If you’ve been considering investing in art, well, join the club. It’s now well known that such investments, once perceived as the province of the rich and famous, are more accessible than one might think, and are a good way to diversify portfolios. Such investments can also yield nice returns – on par with bonds – especially over the long haul. What’s more, such investments are largely independent of the stock market and can protect against inflation. In fact, the $64 billion art market outperformed the stock market in 2018.
You likely have also heard about art funds as a means of breaking into the market. Such funds seek to generate returns through buying and selling works of art. But have you heard of incubator art funds? Well, let’s look at those. Here’s how art funds work – and more.
What is an Art Fund?
As we say, such entities are privately offered funds that aim to produce returns through the acquisition, holding, and disposition of art. Art funds are managed, for a fee, by a firm that also gets a portion of any returns the fund delivers.
The fund decides art selection and strategy, including when to sell. This means that you, the investor, need not concern yourself with any of that.
Note that, beyond that, every fund is different, in terms of size, strategy, duration, and portfolio restrictions.
How Do Incubator Art Funds Differ from Traditional Art Funds?
The premise is the same: incubator art funds are also art investment vehicles that seek to make money by buying and selling art.
The chief difference between the two is that the incubator does not accept capital from third-party investors – right away. Instead, the incubator will at first use and invest the fund manager’s personal cash. During this certain period, the manager works to establish an auditable performance record, then legally uses this track record to peddle the fund to prospective investors.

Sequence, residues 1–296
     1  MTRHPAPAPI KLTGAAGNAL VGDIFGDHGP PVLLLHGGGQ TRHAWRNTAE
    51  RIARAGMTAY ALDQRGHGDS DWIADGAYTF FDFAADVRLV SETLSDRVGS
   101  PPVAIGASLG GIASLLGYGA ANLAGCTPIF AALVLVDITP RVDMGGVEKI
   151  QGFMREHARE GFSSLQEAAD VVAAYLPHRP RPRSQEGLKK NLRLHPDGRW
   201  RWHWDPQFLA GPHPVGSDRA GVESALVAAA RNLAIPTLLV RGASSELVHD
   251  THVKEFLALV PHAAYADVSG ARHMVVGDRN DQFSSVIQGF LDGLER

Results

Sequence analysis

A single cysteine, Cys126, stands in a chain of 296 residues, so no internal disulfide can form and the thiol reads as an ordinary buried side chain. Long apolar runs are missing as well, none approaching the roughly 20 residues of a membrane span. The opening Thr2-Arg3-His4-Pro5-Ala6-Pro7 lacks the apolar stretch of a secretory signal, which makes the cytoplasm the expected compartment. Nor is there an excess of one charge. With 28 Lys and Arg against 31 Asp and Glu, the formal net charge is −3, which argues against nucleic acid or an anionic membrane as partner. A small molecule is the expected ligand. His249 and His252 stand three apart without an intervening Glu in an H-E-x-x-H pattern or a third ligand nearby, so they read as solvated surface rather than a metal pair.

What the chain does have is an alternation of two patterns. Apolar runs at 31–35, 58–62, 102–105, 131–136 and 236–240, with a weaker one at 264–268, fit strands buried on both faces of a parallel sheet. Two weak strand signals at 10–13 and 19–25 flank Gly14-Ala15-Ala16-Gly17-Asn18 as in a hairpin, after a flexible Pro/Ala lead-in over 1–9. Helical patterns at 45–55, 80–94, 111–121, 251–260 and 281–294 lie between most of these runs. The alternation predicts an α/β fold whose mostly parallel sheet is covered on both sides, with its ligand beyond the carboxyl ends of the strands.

What are the Benefits and Drawbacks of Incubator Art Funds?
Prospective art fund managers are increasingly drawn to incubator funds due to their structure. By creating an art fund with their own money, an art fund manager can establish a proven track record with no risk to third-party investors. So, no headaches along those lines. Also, because investors aren’t initially involved, there are few legal costs associated with opening an art fund.
On the other hand, the fund manager is risking their capital and is not paid any management fees, to boot. Because art funds in general are long-term endeavors, an incubator must operate for several years before achieving a sufficient performance record.
Also, because most incubator art fund managers aren’t willing to put every dime they have into the fund, which would allow the fund to fulfill ideal investment strategies, such funds aren’t always all they can be.
How are Incubator Art Funds Created?
The first step is to simply form the fund. If the fund is structured as a limited partnership, there will also be a general partner. Then, requisite legal paperwork is drawn up, and the fund starts buying and selling works of art and developing a track record.
After having their results to date audited by an accountant, the fund manager will begin disseminating ensuing documents — including the private placement memo — and audited financial statements, to potential investors.
Now that you know how incubator art funds work, you can pursue investments of your own. The alternative investment platform Yieldstreet, for instance, offers an art fund through which you can generate passive, secondary income. It’s a good way to gain income outside of traditional public markets.